Courtney Boyd Myers
Courtney Boyd Myers is the founder of audience.io, a transatlantic company designed to help New York and London based technology startups gr Courtney Boyd Myers is the founder of audience.io, a transatlantic company designed to help New York and London based technology startups grow internationally. Previously, she was the Features Editor and East Coast Editor of TNW covering New York City startups and digital innovation. She loves magnets + reading on a Kindle. You can follow her on Facebook, Twitter @CBM and Google +.
Facebook COO Sheryl Sandberg took the stage this afternoon to introduce the first ever live Facebook town hall with President Barack Obama, who has a whopping 19 million Likes on everyone’s favorite social network.
Mark Zuckerberg then took the stage, dressed in a jacket and tie (albeit still in jeans and sneakers), joined shortly after by the President who said,
“My name is Barack Obama and I’m the guy who got Mark to wear a jacket and tie. I’m very proud of that.”
(Shortly after, both men then decide to take their jackets off.)
So why is Obama speaking at Facebook on the economy, housing crisis and clean energy? Facebook is a 50 billion dollar company with 600 million users, most of them young and vocal, so it’s essential that Obama taps into this network as actively as possible. It’s simply smart politics. Obama is reaching an entirely new audience; for example, I can count on one hand the number of times I’ve turned on the TV to see him speak. (To be fair, I don’t have cable.) But the fact that he decided to go on Facebook Live piqued my interest.
The reason we want to do this is because more and more people are getting their information through different media. Historically, part of what makes for a healthy democracy, what makes good politics, is citizens who are informed and engaged. And Facebook allows us to make sure this isn’t a one way conversation.
-President Barack Obama
There’s obviously an incredible momentum in social media right now. If technology news is the only news you read or hear about from your friends, you might not even be aware that as an economy we’re still dragging ourselves out of the worst recession since The Great Depression. So to listen to Obama speak to a room of technologists, early adopters and entrepreneurs about the complications surrounding finance, immigration, health care and budget cuts had an impact that was entirely sobering and inspiring.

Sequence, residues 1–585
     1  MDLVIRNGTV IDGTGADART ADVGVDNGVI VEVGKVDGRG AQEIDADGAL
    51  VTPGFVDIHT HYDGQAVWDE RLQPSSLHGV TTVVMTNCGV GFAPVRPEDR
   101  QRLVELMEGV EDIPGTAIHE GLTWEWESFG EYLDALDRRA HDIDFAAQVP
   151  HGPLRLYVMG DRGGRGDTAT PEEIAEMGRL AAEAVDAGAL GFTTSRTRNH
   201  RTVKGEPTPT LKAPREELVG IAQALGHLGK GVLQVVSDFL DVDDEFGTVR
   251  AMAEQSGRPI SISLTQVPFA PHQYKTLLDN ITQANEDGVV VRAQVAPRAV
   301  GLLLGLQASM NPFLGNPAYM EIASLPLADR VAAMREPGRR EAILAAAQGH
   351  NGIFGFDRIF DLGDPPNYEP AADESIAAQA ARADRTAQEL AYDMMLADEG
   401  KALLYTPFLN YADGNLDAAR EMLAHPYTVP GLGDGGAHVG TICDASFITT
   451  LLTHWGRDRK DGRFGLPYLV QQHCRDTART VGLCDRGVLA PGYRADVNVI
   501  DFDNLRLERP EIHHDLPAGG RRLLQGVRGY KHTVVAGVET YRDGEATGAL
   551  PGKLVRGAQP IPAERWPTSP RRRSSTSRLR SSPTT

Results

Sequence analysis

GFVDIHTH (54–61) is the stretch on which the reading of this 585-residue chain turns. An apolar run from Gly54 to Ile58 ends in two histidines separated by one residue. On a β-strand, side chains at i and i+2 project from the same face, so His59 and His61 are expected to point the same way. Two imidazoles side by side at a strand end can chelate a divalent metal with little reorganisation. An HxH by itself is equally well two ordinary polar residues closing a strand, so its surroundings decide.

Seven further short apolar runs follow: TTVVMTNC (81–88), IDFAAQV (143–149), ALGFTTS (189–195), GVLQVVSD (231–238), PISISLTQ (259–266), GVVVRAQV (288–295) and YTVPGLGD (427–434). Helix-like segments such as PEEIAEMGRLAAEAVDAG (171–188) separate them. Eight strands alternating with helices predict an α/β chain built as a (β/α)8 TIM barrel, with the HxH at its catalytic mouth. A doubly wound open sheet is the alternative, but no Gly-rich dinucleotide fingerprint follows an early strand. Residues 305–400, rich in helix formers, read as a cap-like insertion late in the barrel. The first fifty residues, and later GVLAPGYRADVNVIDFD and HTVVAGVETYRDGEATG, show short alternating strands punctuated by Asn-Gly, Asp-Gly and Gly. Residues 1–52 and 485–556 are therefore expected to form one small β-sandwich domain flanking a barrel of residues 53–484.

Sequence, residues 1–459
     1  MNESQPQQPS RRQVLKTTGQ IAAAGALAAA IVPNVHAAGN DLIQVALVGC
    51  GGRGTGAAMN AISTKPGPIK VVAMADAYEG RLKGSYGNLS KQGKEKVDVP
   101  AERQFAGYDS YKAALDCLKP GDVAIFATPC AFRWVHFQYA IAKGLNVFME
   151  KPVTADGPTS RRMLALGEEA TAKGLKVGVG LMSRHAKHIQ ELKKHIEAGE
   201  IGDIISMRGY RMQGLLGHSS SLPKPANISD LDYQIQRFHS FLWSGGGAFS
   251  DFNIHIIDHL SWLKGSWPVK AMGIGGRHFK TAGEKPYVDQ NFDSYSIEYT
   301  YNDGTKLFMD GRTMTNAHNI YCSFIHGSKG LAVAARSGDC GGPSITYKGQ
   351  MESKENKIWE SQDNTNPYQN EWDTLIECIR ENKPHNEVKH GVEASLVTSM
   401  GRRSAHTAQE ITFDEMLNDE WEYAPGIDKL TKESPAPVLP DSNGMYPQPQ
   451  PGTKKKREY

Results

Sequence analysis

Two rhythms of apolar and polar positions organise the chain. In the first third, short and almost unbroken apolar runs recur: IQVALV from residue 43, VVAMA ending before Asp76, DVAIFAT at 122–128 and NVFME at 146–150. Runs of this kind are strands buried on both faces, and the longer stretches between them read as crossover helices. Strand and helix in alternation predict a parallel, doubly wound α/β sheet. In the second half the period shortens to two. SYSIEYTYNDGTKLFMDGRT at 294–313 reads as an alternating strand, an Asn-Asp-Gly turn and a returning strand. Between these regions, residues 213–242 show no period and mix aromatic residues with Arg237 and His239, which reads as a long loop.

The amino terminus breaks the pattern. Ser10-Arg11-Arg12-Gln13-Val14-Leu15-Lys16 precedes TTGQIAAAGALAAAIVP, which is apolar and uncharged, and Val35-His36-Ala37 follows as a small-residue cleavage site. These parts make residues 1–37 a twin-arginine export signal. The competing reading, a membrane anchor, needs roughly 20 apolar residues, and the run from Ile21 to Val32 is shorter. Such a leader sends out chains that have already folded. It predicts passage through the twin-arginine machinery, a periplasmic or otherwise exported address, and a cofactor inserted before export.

We are living through as tumultuous a time as I’ve experienced in my lifetime…But whenever we shift, from the agricultural age to the industrial age or facing the challenges of the Cold War, at every juncture we’ve been able to adapt and change and get ahead of the curve, and that’s true today.
-President Barack Obama
The most important points of focus today were Obama’s commitment to what he calls “advanced comprehensive immigration reform.” In summary, stop making it difficult for foreign entrepreneurs to create amazing companies in Silicon Valley. Secondly, he discussed the problems entrepreneurs face in trying to get health insurance. You think Sergey and Larry had access to health care working out of their garage? Likely not and there’s something fundamentally wrong with that. On health care in general, he bemoaned its inefficiencies: Why are our health care stats still recorded on a clip board? And the issue nearest and dearest to his heart during this speech was the fundamental fracture in our education system.
He said, “When I come to Silicon Valley, I hear, ‘We can’t find enough engineers, we can’t find enough computer programmers.’ And that means our education system isn’t working the way it should. That’s why we’re emphasizing math and science… particularly with girls… We’ve got to do a better job at STEM education… We want to start making science cool… We’ve got to step our game up in math and science and hopefully that’s one of the legacies I can have as President of the United States.”
Over 50,000 people tuned into today to watch Obama’s speech, which ended in an uproar of applause at Facebook’s first Presidential Town Hall event. Obama then left with a Facebook hoodie sweatshirt. “In case you want to dress like me!” Mark quipped.
Did you watch? Let us know what you thought in the comments.
Get the TNW newsletter
Get the most important tech news in your inbox each week.